Russo-Korean cuisine: 7 delicacies from the Russian Far East

Eat your way through the Russian Far East with our guide to Russo-Korean fusion cuisine on Sakhalin Island

Eat your way through the Russian Far East with our guide to Russo-Korean fusion cuisine on Sakhalin Island

Alamy/Legion-Media
The ethnic Korean community on Sakhalin Island has made an enormous gastronomic contribution to the Russian Far East. Go beyond kimchi and bean sprout salads and try some unique fusion dishes.

Sakhalin Island
For Russians living in the European part of the country, Korean food is synonymous with what’s called “Korean salad,” carrot sliced thinly and seasoned with a slightly sweet marinade of garlic, coriander, pepper, vinegar, sugar and sunflower oil.  However, a more authentic, yet modified version of Korean food is popular with residents of Sakhalin Island.

The island has an ethnic Korean population of around 40,000. They have made an immense gastronomic contribution to the Russian Far East. Herbs and ingredients from indigenous recipes have been adapted to create a fusion cuisine.
 

1. Paporotnik (fern) 
Photo credit: Lori/Legion-MediaPhoto credit: Lori/Legion-Media
Paporotnik is one of the healthiest Korean salads. A traditional staple of Sakhalin’s indigenous people, wild fern has been integrated into the island’s Korean cuisine.

Photo credit: Alamy/Legion-MediaPhoto credit: Alamy/Legion-Media

It is made using dried fern shoots that are soaked in water for six hours and then boiled until tender. The salad is seasoned with sesame oil, red pepper powder and garlic.
 

2. Lopukh (burdock)
Photo credit: Alamy/Legion-MediaPhoto credit: Alamy/Legion-Media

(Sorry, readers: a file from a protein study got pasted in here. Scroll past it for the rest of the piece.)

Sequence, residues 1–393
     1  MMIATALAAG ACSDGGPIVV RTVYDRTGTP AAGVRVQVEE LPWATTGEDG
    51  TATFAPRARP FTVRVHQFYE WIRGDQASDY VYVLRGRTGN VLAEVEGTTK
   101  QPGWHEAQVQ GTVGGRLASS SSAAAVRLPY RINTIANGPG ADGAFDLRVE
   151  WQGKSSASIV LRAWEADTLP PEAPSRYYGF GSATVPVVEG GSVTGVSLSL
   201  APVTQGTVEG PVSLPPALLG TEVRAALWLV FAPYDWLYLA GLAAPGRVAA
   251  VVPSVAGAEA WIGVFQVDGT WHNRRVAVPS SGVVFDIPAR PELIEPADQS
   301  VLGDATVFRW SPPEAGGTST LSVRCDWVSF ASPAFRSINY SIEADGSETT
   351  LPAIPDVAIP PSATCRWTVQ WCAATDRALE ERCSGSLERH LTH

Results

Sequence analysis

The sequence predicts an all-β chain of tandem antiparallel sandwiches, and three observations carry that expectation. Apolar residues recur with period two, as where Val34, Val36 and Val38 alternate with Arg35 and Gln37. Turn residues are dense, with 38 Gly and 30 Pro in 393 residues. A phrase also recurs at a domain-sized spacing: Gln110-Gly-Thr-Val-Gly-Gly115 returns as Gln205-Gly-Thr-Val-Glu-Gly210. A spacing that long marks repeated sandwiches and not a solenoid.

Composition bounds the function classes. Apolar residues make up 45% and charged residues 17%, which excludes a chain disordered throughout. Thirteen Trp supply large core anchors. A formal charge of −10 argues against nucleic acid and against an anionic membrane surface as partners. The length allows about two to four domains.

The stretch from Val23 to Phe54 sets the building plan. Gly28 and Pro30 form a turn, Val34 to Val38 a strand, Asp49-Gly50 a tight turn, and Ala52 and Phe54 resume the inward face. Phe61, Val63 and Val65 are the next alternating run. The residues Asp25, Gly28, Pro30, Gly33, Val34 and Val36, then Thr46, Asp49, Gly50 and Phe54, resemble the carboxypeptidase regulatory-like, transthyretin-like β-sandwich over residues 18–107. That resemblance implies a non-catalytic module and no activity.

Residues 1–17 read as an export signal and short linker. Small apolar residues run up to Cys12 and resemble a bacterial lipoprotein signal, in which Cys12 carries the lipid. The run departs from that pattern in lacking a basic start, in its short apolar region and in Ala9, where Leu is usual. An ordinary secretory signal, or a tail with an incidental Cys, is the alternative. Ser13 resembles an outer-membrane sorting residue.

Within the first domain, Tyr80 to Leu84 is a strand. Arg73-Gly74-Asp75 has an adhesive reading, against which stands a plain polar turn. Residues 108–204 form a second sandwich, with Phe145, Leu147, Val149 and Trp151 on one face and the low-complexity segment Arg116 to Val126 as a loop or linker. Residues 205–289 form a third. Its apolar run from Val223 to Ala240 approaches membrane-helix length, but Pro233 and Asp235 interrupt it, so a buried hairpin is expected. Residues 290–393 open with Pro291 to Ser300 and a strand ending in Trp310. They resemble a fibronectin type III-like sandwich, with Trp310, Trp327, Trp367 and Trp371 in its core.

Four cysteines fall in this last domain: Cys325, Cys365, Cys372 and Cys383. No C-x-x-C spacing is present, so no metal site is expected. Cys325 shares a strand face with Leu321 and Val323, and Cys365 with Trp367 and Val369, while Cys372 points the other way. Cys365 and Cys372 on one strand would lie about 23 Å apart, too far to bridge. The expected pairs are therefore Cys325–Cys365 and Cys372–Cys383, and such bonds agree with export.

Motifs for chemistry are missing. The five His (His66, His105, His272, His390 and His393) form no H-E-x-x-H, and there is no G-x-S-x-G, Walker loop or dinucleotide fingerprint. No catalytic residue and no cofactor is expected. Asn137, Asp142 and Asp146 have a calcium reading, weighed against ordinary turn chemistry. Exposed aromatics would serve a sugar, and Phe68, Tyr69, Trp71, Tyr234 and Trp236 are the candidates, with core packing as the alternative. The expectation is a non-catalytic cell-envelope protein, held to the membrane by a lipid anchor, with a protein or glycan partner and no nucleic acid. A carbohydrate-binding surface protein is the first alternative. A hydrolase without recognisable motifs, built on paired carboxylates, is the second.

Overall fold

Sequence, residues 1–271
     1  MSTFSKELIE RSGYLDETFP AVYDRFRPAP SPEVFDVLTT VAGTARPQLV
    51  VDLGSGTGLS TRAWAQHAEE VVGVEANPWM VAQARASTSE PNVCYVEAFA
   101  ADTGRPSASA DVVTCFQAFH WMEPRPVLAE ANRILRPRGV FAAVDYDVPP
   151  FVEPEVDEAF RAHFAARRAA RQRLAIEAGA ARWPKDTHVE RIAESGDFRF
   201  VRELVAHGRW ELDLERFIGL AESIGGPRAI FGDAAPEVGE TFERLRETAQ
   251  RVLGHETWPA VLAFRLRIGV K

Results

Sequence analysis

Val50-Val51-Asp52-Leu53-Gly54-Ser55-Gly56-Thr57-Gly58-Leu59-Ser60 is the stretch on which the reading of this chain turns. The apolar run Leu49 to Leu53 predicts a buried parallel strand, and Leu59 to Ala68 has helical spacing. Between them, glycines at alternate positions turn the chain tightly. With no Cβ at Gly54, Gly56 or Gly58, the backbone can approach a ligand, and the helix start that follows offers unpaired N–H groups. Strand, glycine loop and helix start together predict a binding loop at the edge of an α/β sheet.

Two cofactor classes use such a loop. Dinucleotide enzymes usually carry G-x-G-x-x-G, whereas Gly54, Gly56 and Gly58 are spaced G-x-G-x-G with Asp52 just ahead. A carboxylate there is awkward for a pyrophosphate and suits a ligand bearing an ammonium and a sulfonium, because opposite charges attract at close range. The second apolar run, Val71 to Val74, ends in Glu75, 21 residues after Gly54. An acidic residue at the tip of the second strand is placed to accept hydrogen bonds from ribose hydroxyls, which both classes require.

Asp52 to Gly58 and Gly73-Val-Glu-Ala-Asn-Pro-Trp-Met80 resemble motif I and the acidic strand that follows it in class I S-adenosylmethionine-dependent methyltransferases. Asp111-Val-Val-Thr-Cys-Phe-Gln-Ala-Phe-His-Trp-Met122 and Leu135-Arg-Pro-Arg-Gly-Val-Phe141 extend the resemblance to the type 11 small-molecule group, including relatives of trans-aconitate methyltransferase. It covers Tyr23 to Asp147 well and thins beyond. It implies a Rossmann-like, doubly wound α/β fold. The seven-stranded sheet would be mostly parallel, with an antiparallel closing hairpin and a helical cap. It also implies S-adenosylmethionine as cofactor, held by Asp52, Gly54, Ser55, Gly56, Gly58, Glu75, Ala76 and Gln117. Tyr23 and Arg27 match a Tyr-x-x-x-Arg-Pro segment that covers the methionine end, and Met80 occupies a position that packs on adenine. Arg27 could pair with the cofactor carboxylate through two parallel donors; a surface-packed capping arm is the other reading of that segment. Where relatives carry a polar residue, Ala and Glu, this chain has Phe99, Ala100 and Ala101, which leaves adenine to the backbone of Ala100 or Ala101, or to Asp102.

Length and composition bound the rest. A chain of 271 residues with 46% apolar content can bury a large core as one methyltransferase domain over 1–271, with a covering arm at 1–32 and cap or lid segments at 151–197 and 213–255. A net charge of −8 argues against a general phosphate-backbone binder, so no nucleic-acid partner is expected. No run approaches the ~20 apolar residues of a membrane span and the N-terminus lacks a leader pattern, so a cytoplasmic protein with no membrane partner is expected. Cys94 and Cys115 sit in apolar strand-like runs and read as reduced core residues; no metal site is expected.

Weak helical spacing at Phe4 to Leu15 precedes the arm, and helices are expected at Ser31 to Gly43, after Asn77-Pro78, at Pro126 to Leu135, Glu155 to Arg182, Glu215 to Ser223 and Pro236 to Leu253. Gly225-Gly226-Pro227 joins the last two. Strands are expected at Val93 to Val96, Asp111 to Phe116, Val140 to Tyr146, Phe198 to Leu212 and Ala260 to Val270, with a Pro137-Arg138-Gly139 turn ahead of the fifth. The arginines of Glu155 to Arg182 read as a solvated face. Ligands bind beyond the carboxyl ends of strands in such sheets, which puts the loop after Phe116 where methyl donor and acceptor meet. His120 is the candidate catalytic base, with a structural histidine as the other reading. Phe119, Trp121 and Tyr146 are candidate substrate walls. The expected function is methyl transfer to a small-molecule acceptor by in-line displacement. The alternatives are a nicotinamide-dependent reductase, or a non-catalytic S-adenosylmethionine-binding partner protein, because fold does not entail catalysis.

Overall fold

Burdock is as easily available on the island as oil and gas. The Sakhalin species of burdock is among the largest in the world and is used to make another healthy salad.

Burdock stalks are harvested in late spring before they flower. The sprouts are first boiled in salted water, after which the stalks are peeled. They are then sliced, fried and seasoned with the usual Korean suspects – red chili pepper, onion, garlic and soy sauce.
 

3. Morskaya kapusta (seaweed)
Photo credit: Lori/Legion-MediaPhoto credit: Lori/Legion-Media
Dried seaweed is a popular snack in many Asian countries, but Sakhalin’s Koreans tend to use it in salads.

Dried seaweed is soaked in cold water for an hour, then boiled for about 20 minutes. It is then sliced and stir fried with grated carrots and diced onions.  For non-Sakhalin residents, the salad is a bit of an acquired taste.

4. Pyanse (steamed buns)
Photo courtesy: vladivostok.travelPhoto courtesy: vladivostok.travel
Made popular across the Russian Far East by women selling it near bus stops in Vladivostok, pyanse traces its origins to the Sakhalin port of Kholmsk, where the Korean “king dumpling” was adapted for Russian tastes. The buns are stuffed with cabbage and pork or beef, but in keeping with the times there are meat-free versions as well.

5. Khe
Photo credit: Alamy/Legion-MediaPhoto credit: Alamy/Legion-Media
Another Korean salad with origins on Sakhalin, khe is made of carrots and raw fish marinated in vinegar. It tastes best when North Pacific cherry salmon is used.

Korean carrot salad found in central Russia is sometimes erroneously referred to as “khe.” The differences in taste are clearly obvious.
 

6. Hemultan
Photo credit: Alamy/Legion-MediaPhoto credit: Alamy/Legion-Media
Those familiar with Korean cuisine will have heard of this spicy seafood and vegetable stew.

Available in all Korean restaurants in Yuzhno-Sakhalinsk, this stew has been adapted to Russian tastes. It is much less spicy than the Korean original and the proportion of seafood to vegetables is heavily tilted in favor of the former. One of the highlights of visiting Sakhalin is the region’s varied and diverse seafood and hemultan gives you a taste of various local delicacies in one dish.
 

7.Shyupaltsa
Photo credit: Alamy/Legion-MediaPhoto credit: Alamy/Legion-Media
This salad – meaning tentacles in Russian – is a true fusion of Russian and Korean cuisine. It is made of squid, carrots, apples, boiled egg, crushed onion and flavored with sesame oil and chili flakes.   

Most Korean salads available in shops across Yuzhno-Sakhalinsk and other cities in southern Sakhalin Island are still homemade by elderly Korean women.
 

All rights reserved by Rossiyskaya Gazeta.

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